Hopes that the devastation wrought by the Boxing Day tsunami would see Sri Lanka's rival ethnic and political groups set aside their differences and rebuild shattered communities appear to have been dashed.
Tamils in the devastated north and east of the country reacted with fury yesterday after it emerged that the UN secretary general, Kofi Annan, would not be visiting the battle-scarred regions of the island.
And within the Tamil community there was bloodshed. A grenade attack in the town of Valaichchenai killed three people and injured 37 in a part of eastern Sri Lanka where international aid workers are helping tsunami victims, police said. It was thought to have been sparked by a row between Hindus and Christians.
But Tamils were united in their condemnation of the ban on the secretary general's planned tour of rebel-held, tsunami-hit areas.
The Tamil Tigers (LTTE) fought a 20-year war for independence from the Sinhalese-dominated south that claimed more than 60,000 lives. Relations remain tense despite a ceasefire three years ago. The Tigers had invited Mr Annan to tour their northern province but the government said that it could not guarantee his safety.
Yesterday, 400 people protested outside the UN High Commissioner for Refugees' office in Colombo, demanding a visit be made to the north to inspect tsunami damage. At least 30,000 people have been killed on the island and more than 100,000 are homeless.
The leader of the Tigers' political wing, S P Thamilselvan, said the move could have negative consequences for peace on the island and said that Mr Annan had agreed to visit rebel areas. Mr Annan told a press conference: "I'm hoping to come back and be able to visit all areas of the country, not only those repaired, but also to celebrate peace. The UN is not here to take sides. We are here to help all people in the country. This is a tragedy that has affected all people, that has transcended divisions that wrack your country."
The Sri Lankan government said Mr Annan's schedule had been planned in consultation with UN agencies in Colombo, "taking into account the security, programming and time consideration involved".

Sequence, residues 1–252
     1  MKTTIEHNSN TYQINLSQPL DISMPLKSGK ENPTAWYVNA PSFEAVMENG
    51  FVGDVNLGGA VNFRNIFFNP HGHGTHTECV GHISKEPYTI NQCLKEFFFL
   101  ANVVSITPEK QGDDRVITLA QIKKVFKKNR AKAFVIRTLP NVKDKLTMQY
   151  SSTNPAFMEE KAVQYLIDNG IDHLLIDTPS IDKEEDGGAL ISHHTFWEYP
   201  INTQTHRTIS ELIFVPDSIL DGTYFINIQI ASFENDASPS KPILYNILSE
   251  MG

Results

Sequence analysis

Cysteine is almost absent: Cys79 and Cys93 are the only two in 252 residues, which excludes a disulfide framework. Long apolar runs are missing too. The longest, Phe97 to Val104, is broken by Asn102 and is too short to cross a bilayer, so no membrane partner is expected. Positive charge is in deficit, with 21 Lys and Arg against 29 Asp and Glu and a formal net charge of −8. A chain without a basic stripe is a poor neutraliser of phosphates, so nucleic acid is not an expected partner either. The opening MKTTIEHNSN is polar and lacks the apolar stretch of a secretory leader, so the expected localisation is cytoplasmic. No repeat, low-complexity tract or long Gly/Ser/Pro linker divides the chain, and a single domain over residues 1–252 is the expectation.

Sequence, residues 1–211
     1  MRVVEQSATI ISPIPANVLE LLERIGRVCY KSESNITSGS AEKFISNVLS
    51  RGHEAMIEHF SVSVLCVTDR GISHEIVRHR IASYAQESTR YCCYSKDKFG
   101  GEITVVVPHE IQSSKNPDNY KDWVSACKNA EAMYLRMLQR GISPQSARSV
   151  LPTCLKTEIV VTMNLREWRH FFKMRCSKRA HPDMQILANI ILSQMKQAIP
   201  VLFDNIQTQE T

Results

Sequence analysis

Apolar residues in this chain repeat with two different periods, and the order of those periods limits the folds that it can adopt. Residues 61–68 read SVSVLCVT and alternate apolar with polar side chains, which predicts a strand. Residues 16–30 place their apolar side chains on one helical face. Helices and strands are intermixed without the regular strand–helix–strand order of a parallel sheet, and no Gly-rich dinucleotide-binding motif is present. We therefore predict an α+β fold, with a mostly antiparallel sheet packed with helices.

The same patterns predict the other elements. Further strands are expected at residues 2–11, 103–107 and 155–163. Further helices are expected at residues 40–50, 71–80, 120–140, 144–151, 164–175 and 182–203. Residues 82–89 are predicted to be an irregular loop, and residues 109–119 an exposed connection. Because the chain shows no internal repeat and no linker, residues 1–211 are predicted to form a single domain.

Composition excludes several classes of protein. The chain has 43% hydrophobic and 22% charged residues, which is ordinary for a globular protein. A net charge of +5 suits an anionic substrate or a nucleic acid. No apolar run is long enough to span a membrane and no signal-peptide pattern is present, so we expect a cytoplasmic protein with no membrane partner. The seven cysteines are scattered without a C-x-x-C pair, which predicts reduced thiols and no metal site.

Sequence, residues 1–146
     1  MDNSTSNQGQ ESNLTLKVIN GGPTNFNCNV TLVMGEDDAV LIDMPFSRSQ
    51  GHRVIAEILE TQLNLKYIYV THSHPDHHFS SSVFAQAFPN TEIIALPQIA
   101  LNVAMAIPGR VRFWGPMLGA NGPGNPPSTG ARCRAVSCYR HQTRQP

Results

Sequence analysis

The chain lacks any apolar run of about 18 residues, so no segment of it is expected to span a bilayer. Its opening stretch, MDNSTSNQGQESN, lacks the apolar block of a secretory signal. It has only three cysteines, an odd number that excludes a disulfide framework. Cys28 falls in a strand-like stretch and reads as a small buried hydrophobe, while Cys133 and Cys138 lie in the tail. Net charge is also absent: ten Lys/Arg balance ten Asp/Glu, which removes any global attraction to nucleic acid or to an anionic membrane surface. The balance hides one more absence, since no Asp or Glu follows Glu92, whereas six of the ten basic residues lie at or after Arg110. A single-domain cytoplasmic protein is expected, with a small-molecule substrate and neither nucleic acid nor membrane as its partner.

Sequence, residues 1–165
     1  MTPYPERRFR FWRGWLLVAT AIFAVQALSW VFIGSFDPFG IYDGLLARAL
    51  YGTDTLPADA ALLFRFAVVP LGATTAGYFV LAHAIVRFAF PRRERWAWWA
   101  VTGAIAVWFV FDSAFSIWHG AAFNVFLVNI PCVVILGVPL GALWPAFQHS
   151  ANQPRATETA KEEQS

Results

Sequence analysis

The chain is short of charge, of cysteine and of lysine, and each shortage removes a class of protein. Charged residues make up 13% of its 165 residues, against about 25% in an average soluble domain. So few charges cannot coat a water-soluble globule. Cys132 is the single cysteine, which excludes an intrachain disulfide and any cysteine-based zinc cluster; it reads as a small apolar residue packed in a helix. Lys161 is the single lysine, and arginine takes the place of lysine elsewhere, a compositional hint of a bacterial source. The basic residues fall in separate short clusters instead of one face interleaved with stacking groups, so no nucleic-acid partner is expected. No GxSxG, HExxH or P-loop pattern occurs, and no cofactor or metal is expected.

The dispute began after relations between the two sides deteriorated in recent days. The LTTE has accused the government of ignoring the plight of its people, while the government has claimed the Tamils have refused offers of help.
Last night the government was criticised by volunteers who have delivered aid to the Tamil areas. Thipa Moorthy was born in Sri Lanka but lives in London. He was moved to help the aid effort after seeing the devastation on television. He and five volunteers visited Tamil-dominated areas last week and say they encountered threatening behaviour from government forces.
"Not enough help is being given to these, the most devastated parts of the island. Most of the aid is coming from international agencies; the government is doing less than in other parts," Mr Moorthy said. "I am very annoyed that Annan is not making this trip. This is just another obstacle the government is putting in place that stops the rest of the world seeing exactly what has happened in the worst-hit parts of the country."
In an appeal delivered to Mr Annan, the Consortium of Humanitarian Agencies echoed his sentiments. The group said: "It is a matter of regret that the government has denied the rare opportunity to the internally displaced people living in the north to meet you and air their grievances."
President Chandrika Bandaranaike insisted it was giving the Tamil areas even more than their share of aid. She said her government and the rebels were working well together following the tsunami and claimed the advice against Mr Annan travelling was given because they could not guarantee his safety in a specific part of the north.
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